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Alcohol Problem Help

Statistics from the Health & Social Care Information Centre show that in 2012 there were more than 1.2 million hospital admissions in England directly related to alcohol abuse or addiction. In 2012, doctors dispensed more than 178,000 prescriptions for medications relating to alcohol dependence. Both statistics show an increase over previous years.

The truth of the matter is that the UK has one of the highest rates of alcohol dependence in the world. Why that’s true is anyone’s guess. However, you don’t have to be among those statistics if you currently have an alcohol problem. You can get the help you need to fully recover.

Help is available through the NHS, alcohol charities, non-profit support groups, and private alcohol rehab clinics. Each one of these organisations brings different things to the table. As an independent referral service, our job is to help you sort out all the options so you can make an informed decision.

Assessing Your Alcohol Problem

It goes without saying that the level of alcohol dependence in one person may be substantially different when compared to someone else. So determining how serious your problem is should be the first step in seeking appropriate treatment. You need to know whether you are an excessive drinker, and alcohol abuser, or an alcohol addict (alcoholic).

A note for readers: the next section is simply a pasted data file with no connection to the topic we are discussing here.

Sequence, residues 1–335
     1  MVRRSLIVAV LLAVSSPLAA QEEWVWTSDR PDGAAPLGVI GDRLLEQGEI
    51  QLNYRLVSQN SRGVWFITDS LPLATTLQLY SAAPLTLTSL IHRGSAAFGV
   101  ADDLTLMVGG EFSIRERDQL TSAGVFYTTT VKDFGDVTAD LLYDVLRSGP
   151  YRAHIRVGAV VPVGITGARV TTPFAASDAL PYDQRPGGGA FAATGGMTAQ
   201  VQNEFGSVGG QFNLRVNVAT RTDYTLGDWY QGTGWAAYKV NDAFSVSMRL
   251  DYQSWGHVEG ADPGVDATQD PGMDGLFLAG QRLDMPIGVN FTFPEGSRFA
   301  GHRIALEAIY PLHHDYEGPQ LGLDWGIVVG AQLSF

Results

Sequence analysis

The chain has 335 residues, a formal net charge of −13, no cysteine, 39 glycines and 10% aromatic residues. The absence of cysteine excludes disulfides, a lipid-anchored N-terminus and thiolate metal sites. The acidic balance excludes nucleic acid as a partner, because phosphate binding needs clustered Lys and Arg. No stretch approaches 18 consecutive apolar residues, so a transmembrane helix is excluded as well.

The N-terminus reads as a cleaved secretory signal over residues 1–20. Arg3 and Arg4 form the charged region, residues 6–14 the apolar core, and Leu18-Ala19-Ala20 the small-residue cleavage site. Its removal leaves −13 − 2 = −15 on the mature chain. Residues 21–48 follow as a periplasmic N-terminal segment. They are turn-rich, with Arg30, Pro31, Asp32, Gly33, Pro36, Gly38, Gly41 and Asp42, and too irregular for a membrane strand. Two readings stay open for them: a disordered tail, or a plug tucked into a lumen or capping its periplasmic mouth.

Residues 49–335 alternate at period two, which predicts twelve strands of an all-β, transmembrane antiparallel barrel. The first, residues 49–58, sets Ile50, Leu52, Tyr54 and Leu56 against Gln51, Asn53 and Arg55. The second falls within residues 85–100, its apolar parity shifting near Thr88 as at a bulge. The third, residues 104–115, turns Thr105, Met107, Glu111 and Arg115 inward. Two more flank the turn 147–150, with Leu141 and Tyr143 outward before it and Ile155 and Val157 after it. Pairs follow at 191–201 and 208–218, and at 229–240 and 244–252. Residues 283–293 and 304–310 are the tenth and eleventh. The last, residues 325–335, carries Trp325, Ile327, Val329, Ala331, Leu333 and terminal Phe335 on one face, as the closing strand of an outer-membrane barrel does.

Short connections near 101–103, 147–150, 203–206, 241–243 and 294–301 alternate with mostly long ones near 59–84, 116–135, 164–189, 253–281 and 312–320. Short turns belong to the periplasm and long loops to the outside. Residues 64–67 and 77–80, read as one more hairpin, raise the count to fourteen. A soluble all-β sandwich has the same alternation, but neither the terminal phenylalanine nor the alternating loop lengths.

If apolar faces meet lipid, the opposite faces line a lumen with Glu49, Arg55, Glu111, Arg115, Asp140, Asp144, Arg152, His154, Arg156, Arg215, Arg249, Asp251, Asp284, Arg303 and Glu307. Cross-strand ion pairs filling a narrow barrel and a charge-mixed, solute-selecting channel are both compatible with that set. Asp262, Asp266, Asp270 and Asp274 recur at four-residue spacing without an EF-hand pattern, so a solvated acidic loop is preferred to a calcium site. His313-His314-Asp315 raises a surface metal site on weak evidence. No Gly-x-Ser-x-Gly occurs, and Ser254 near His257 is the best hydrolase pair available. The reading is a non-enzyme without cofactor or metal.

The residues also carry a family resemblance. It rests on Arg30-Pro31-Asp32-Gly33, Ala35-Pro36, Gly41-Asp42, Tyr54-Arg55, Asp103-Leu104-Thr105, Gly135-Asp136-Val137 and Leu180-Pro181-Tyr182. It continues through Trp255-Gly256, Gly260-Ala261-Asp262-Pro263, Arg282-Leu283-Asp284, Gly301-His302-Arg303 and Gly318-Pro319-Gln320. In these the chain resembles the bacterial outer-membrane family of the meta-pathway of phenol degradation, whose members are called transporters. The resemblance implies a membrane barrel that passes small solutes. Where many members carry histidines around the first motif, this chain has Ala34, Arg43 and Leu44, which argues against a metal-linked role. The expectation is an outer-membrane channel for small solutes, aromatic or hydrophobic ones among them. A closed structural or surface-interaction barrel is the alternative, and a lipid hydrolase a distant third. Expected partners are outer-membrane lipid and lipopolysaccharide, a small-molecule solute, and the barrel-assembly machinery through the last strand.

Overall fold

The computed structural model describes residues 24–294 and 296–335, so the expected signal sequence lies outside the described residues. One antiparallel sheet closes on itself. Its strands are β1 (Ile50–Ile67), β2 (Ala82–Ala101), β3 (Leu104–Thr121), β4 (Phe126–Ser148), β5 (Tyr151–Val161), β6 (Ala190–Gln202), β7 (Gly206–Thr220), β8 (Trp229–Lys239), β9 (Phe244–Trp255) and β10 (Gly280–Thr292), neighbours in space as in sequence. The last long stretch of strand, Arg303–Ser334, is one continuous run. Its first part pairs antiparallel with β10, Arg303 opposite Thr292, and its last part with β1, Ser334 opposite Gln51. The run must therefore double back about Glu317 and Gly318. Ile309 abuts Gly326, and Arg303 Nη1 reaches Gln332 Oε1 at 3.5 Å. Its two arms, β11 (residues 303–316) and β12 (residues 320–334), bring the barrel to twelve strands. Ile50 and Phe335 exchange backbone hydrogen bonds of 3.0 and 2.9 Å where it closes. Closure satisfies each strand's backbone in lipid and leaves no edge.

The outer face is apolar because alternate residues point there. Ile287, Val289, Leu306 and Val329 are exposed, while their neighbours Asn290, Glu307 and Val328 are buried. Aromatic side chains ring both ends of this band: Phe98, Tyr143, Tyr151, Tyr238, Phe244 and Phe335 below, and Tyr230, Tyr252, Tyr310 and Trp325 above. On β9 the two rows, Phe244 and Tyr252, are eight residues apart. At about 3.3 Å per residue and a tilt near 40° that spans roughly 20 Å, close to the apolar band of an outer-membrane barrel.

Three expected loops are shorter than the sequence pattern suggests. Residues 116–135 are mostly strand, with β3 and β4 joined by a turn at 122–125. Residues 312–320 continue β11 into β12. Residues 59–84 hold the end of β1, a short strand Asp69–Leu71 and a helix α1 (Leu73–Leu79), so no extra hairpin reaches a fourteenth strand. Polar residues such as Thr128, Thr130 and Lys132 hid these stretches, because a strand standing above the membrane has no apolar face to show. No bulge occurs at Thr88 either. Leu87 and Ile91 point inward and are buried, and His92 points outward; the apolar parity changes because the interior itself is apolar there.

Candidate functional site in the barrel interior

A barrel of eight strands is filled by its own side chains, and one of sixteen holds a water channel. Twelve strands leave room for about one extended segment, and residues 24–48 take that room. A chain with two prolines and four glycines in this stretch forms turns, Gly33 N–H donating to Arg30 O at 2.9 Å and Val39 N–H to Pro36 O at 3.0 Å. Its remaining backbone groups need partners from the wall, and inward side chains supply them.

Consider the following:

  • Excessive Drinker – As an excessive drinker you may regularly consume alcohol in amounts greater than what is considered healthy. Yet intoxication is not a normal course of action for you. You also do not spend your days worrying about being able to drink or planning all your social activities around alcohol. This suggests you’re probably an excessive drinker.

  • Alcohol Abuser – You may be an alcohol abuser if you casually drank more than once or twice per week or find yourself binge drinking on a regular basis. For you it is not a case of not being able to survive without alcohol; it is a case of believing that everything is made better with alcohol. You can live without drinking, but you don’t want to.